The International Journal of Business and Social Science has released a report revealing the profitability of venture capital within the political and economic Kenyan climate, following a study on the growth of small and medium enterprises (SMEs) in the country.
SMEs in Kenya have found it hard to access finances for growth and expansion, the Venture capital (CV) report says.
While the study shows that on one hand venture capitals have provided equity capital, it also reveals they are value-adding investors bringing significant benefits with regard to expertise.
According to the study, which surveyed 200 companies, venture capital, prevalent in developed countries, has played a significant role in enhancing growth of the SMEs.
The report showed increase in profitability as significant to business growth. According to the report, the minimum profit before use of venture capital was KSh34, 866. Upon use of venture capital, the minimum profit increased to KSh600, 000 showing an increase in minimum profit of 94 percent.
According to VC Africa, the maximum profit the respondents reported before use of venture capital was KSh38, 567,951, which increased to Ksh 62, 864,152 an increase of 63 percent. The average profit also increased by 69 percent (from Ksh 7,204,653 to Ksh 12, 202,775).
The study also reviewed the growth in profits in relation to different types of businesses. VC Africa said merchandising types of business reported an average growth in profit margin of 18.2 percent, followed by agriculture at 14.4 percent, services 12.8 at percent and manufacturing at 9.3 percent. This reflects growth in profits as a result of the use of venture capital despite the type of businesses.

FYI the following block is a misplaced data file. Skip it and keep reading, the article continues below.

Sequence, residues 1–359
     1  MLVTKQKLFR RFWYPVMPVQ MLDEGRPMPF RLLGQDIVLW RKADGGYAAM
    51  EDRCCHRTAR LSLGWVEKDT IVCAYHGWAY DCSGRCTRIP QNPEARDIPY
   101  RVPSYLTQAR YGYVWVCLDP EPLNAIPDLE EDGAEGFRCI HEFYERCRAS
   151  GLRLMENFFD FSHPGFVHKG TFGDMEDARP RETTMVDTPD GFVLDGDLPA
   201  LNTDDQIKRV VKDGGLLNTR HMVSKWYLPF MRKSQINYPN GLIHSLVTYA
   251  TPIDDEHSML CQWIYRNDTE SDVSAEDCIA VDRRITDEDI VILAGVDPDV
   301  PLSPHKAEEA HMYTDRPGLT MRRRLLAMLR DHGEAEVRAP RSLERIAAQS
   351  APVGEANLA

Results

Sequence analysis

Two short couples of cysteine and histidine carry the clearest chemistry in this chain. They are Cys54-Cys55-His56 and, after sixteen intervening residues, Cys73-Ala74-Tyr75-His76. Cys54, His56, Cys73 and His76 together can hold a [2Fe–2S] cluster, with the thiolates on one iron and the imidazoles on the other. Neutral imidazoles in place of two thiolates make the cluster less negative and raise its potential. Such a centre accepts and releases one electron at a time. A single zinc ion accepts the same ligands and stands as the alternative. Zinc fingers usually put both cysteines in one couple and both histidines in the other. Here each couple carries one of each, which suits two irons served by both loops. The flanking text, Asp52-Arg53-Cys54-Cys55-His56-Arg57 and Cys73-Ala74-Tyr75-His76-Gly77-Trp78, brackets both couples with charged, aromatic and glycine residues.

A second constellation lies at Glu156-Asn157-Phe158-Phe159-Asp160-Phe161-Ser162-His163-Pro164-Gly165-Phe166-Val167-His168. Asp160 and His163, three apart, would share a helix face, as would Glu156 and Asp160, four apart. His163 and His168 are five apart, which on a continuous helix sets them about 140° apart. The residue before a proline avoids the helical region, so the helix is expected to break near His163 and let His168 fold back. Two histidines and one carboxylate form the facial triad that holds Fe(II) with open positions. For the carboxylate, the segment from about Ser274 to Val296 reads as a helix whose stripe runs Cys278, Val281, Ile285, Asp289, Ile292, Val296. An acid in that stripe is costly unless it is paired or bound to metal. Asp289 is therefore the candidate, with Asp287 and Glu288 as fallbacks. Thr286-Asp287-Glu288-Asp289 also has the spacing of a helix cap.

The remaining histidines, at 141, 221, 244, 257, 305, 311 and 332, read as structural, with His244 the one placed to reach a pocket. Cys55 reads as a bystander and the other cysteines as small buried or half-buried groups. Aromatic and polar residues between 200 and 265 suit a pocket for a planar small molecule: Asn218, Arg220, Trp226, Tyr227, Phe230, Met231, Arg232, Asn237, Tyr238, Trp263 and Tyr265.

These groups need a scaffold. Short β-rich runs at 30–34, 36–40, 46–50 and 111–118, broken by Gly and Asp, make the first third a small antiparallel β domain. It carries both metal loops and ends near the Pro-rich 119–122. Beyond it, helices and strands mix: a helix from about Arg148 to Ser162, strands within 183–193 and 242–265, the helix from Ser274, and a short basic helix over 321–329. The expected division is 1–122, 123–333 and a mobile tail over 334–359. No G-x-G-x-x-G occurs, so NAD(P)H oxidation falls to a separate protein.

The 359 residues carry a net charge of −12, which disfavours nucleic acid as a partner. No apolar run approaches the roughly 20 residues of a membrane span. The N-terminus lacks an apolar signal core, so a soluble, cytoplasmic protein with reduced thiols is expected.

The report further identified the firms offering grants and other finances to the SMES.
Acacia Fund Limited, which provides risk capital to new or expanding enterprises, Aureos East Africa, which provides private equity and loan facilities, and Kenya Management Company Ltd, which provides equity, related investments in private sector to companies with high growth potential to expand well-run businesses, were identified.
Over the years, more venture companies have put up shop in Kenya especially in the ICT sector including 88MPH, which has currently invested in seven IT startups.
Other examples include the eVa Fund, that invested undisclosed amount in African IT companies including PesaPal, Jumuika, Explainer DC, and Umuntu Media.
The Kenya ICT Board also recently gave grants to upcoming tech innovators to spur the growth of their ideas.
The study also shows venture capital injection enables companies to employ more workforce hence enabling job creation in the country.
The report, compiled by the help of School of Human Resource Development Jomo Kenyatta University of Agriculture and Technology, sought to find out whether venture funding is instrumental in the growth of the SMEs in the country.